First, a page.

# What is a correlation?

A correlation quantifies the linear association between two variables. From one perspective, a correlation has two parts: one part quantifies the association, and the other part sets the scale of that association.

The first part—the covariance, also the correlation numerator—equates to a sort of “average sum of squares” of two variables:

## $$cov_{(X, Y)} = \frac{\sum(X - \bar X)(Y - \bar Y)}{N - 1}$$

It could be easier to interpret the covariance as an “average of the X-Y matches”: Deviations of X scores above the X mean multipled by deviations of Y scores below the Y mean will be negative, and deviations of X scores above the X mean multipled by deviations of Y scores above the Y mean will be positive. More “mismatches” leads to a negative covariance and more “matches” leads to a positive covariance.

The second part—the product of the standard deviations, also the correlation denominator—restricts the association to values from -1.00 to 1.00.

## $\sqrt{var_X var_Y} = \sqrt{\frac{\sum(X - \bar X)^2}{N - 1} \frac{\sum(Y - \bar Y)^2}{N - 1}}$

Divide the numerator by the denominator and you get a sort of “ratio of the sum of squares”, the Pearson correlation coefficient:

## $r_{XY} = \frac{\frac{\sum(X - \bar X)(Y - \bar Y)}{N - 1}}{\sqrt{\frac{\sum(X - \bar X)^2}{N - 1} \frac{\sum(Y - \bar Y)^2}{N - 1}}} = \frac{cov_{(X, Y)}}{\sqrt{var_X var_Y}}$

Square this “standardized covariance” for an estimate of the proportion of variance of Y that can be accounted for by a linear function of X, $R^2_{XY}$.

By the way, the correlation equation is very similar to the bivariate linear regression beta coefficient equation. The only difference is in the denominator which excludes the Y variance:

# What does it mean to “adjust” a correlation?

An adjusted correlation refers to the (square root of the) change in a regression model’s $$R^2$$ after adding a single predictor to the model: $$R^2_{full} - R^2_{reduced}$$. This change quantifies that additional predictor’s “unique” contribution to observed variance explained. Put another way, this value quantifies observed variance in Y explained by a linear function of X after removing variance shared between X and the other predictors in the model.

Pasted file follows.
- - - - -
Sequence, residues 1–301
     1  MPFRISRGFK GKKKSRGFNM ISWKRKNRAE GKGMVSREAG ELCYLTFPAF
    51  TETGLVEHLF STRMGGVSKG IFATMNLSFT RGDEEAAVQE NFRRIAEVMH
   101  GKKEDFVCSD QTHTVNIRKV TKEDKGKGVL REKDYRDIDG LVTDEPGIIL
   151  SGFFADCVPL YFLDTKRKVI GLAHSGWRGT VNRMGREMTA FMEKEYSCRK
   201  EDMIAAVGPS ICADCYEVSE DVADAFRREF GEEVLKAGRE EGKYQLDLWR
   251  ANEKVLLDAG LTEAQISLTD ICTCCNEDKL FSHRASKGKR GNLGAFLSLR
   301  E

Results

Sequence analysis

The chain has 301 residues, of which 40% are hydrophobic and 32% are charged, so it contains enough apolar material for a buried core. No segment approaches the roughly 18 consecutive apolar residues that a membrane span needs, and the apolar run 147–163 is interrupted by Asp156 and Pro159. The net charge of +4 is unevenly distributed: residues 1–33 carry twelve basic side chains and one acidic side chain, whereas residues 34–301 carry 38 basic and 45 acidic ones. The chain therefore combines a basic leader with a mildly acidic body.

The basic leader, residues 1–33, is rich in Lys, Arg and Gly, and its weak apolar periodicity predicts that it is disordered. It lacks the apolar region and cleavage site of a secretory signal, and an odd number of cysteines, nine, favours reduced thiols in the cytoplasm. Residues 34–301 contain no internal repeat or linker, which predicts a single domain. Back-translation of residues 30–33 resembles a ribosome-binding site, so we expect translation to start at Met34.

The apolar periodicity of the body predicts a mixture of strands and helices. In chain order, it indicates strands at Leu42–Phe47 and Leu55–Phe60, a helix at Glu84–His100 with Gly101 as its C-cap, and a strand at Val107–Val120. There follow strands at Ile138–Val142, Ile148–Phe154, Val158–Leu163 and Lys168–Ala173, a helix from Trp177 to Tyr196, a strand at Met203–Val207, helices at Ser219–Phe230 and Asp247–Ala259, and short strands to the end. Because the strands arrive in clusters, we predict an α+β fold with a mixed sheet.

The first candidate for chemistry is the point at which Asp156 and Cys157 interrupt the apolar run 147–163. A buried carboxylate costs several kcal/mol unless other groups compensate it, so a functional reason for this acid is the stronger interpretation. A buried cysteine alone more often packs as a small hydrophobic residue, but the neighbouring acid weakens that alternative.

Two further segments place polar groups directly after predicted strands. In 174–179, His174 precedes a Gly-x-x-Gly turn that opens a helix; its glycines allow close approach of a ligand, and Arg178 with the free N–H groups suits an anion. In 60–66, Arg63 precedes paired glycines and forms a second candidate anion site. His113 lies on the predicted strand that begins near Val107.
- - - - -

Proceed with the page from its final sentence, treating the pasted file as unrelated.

# Model and Conceptual Assumptions for Linear Regression

• Correct functional form. Your model variables share linear relationships.
• No omitted influences. This one is hard: Your model accounts for all relevant influences on the variables included. All models are wrong, but how wrong is yours?
• Accurate measurement. Your measurements are valid and reliable. Note that unreliable measures can’t be valid, and reliable measures don’t necessairly measure just one construct or even your construct.
• Well-behaved residuals. Residuals (i.e., prediction errors) aren’t correlated with predictor variables or eachother, and residuals have constant variance across values of your predictor variables.

## Libraries

# library("tidyverse")
# library("knitr")
# library("effects")
# library("psych")
# library("candisc")

library(tidyverse)
library(knitr)
library(effects)
library(psych)
library(candisc)

# select from dplyr
select <- dplyr::select
recode <- dplyr::recode

From help("HSB"): “The High School and Beyond Project was a longitudinal study of students in the U.S. carried out in 1980 by the National Center for Education Statistics. Data were collected from 58,270 high school students (28,240 seniors and 30,030 sophomores) and 1,015 secondary schools. The HSB data frame is sample of 600 observations, of unknown characteristics, originally taken from Tatsuoka (1988).”

HSB <- as_tibble(HSB)

# print a random subset of rows from the dataset
HSB %>% sample_n(size = 15) %>% kable()
id gender race ses sch prog locus concept mot career read write math sci ss
88 female asian high public academic -0.39 1.19 1.00 prof1 40.5 59.3 41.9 33.6 50.6
113 male african-amer high public academic -0.03 0.87 1.00 military 53.2 46.3 43.0 41.7 50.6
515 male white middle public academic 0.68 -0.26 1.00 prof2 62.7 61.9 56.2 47.1 45.6
141 male african-amer middle public vocation -2.23 1.19 1.00 operative 36.3 38.5 39.3 39.0 45.6
439 female white low public academic 0.68 0.88 1.00 prof1 46.9 61.9 53.0 52.6 60.5